Continuity of Teaching & Learning - an Education Centre perspective

When schools closed on March 12th, little did we realise that would be the last day the students would be in school for the 2019-2020 school year. The intervening period has brought change, uncertainty and anxiety to school leaders, teachers, students and their families.  What has been most significant however about this period of change has been the extraordinary efforts made by teachers and school leaders to embrace technology and online digital solutions to connect with students and to provide for continuity of learning.  Education centres have played their role in this. There was an immediate rush to collate resources, to source links and to communicate these to students to ensure that learning could continue. This initial period of time was transformative in the generosity of teachers to share their resources with each other, to collaborate with each other and to communicate these resources with their students. Education Support Centres provided training for teachers in platforms such as Microsoft Teams, Google Classroom, Seesaw, Edmodo etc.  The most fundamental change however was the provision of training in the use of conferencing software such as Zoom. Thousands of teachers attended webinars on how to use them and subsequently webinars on how to use other platforms which were delivered on Zoom.  Education Support Centres conducted needs analyses with teachers in their regions and a broad spectrum of professional development was organised in response to the prioritised needs. The demand from teachers for this professional development was insatiable with webinars repeatedly booking out and waiting lists becoming the norm. It is an extraordinary highlight of the response of Irish teachers to Covid19 that they embraced online learning so enthusiastically and invested their personal time so willingly in upskilling themselves to connect online, to deliver recorded lessons online and to engage in live teaching online. It is extremely unlikely that any school's Digital Learning Plan ever envisaged the extent to which teachers have now embraced and implemented online learning.  

Our teachers are role models for their students, demonstrating that they are first and foremost learners, and through their level of care and concern that they have so enthusiastically embraced changes in their methodologies and upskilled themselves to meet the needs of their learners, rooted in the context of where their learners are at. History will reflect that this has been a transformative period in Irish education and that the teachers of Ireland significantly enhanced their rich reputations in responding to the challenges of COVID-19.  From a personal perspective, this has been an extraordinarily busy few months but extremely rewarding in being able to meet the needs of teachers and schools, to be able to provide professional development opportunities for them and to appreciate at first hand the efforts they have made in their own personal and professional development.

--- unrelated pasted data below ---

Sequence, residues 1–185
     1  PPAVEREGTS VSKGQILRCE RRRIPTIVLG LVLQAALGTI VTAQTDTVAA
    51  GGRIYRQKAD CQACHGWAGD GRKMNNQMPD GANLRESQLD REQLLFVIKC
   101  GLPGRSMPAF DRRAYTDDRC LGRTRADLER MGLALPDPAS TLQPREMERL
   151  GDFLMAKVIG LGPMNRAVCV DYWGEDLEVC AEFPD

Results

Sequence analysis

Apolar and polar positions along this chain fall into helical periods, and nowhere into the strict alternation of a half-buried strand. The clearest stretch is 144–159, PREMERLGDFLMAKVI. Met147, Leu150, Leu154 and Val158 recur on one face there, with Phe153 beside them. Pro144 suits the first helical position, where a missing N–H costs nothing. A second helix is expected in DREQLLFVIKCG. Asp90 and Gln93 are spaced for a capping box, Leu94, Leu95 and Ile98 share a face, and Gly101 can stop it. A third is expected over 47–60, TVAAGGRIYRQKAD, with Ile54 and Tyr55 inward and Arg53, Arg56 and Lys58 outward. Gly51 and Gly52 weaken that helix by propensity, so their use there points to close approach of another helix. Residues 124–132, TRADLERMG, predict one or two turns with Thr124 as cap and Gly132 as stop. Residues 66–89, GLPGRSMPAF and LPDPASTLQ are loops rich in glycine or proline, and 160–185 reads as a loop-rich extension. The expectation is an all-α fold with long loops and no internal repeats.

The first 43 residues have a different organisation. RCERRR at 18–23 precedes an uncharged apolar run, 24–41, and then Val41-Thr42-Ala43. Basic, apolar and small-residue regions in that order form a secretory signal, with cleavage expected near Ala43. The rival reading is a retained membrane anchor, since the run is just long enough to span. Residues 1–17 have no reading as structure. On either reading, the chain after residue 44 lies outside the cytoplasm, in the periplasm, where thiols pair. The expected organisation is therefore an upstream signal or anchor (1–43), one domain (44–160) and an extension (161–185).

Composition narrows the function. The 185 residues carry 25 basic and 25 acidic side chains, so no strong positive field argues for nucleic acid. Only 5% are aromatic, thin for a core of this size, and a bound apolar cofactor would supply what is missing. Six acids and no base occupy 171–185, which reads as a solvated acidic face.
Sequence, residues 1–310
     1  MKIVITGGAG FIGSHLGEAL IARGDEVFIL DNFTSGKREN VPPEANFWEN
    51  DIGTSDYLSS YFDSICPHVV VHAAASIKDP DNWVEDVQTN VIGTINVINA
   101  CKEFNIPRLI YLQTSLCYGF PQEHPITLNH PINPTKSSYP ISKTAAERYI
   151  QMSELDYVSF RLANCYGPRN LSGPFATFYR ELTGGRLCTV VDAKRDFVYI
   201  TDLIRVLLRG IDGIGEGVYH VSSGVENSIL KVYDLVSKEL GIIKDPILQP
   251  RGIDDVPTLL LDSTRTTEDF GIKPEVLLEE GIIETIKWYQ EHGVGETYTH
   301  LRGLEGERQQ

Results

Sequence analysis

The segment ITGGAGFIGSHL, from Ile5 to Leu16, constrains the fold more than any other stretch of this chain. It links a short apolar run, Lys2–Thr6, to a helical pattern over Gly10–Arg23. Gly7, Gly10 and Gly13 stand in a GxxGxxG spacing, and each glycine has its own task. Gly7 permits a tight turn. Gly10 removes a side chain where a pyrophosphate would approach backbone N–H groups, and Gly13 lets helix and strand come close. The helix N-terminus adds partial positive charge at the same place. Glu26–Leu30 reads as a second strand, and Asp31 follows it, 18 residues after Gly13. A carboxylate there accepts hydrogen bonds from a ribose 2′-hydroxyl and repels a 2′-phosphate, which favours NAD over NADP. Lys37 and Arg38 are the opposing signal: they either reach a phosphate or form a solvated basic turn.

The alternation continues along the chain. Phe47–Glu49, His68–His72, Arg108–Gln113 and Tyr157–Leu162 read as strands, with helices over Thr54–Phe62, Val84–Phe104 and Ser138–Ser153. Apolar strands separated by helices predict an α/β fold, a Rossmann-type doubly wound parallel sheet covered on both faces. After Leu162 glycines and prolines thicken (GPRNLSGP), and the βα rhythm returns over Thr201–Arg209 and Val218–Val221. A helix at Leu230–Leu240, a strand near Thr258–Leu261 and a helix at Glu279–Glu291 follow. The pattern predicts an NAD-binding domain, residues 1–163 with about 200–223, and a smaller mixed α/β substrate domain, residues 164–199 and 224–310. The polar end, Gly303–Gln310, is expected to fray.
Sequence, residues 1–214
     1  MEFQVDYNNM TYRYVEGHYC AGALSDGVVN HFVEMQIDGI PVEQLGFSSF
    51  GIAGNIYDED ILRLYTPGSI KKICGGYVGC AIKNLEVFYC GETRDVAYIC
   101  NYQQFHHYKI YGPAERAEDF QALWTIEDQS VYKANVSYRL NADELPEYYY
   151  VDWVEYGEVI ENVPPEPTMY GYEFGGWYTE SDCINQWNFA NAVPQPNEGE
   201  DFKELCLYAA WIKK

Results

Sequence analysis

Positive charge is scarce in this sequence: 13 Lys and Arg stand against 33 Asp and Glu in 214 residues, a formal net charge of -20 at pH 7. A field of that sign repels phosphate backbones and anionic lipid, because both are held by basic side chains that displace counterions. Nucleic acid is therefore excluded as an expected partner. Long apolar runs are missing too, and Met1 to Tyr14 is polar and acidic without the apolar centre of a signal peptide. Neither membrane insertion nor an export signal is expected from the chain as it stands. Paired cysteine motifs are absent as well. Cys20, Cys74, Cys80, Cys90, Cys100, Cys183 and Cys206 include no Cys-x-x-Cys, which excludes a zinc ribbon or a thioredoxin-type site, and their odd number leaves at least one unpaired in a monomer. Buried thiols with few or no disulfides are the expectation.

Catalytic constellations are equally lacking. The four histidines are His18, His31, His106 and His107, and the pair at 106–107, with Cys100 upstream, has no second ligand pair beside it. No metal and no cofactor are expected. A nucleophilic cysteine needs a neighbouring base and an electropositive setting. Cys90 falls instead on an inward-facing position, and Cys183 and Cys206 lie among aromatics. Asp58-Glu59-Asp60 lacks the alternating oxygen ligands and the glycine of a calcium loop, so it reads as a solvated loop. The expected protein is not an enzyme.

Education is based on relationships and the success of online learning has been through those teachers who have endeavoured to connect with each other and connect with their students and with their school communities.  Irrespective of the platforms and technologies used, the success of their use is dependent upon the quality of the relationship between teacher and student.  

At a system level, school leaders need the connection with other leaders and with system leaders so that they can feel confident and empowered to be able to do their role to the best of their ability. This was very evident in the Principal WebMeets organised by Education Centres where the agenda was dictated by the needs of the participants and the predominant item on the agenda was that sense of connection with each other as principals sought the confidence to lead their staffs and school communities through the challenges posed by Covid19.

There continues to be uncertainty about the return to school.  It can be said with confidence however that school leaders have learned to deal with adversity and lead through a crisis, that teachers have embraced new skills and experience in online learning, that school communities have worked together to provide for the needs of those who are disadvantaged.  All these factors will stand to us and leave us in a much better position to face whatever challenges may come with the start of the new school year in September.


Ray McInerney is the current Director of Clare Education Centre and is on secondment as principal from Ennis National School in Ennis, Co. Clare.


CSL is funded by the Teacher Education Section (TES) of the Department of Education (DE)
This service is managed by Clare Education Centre.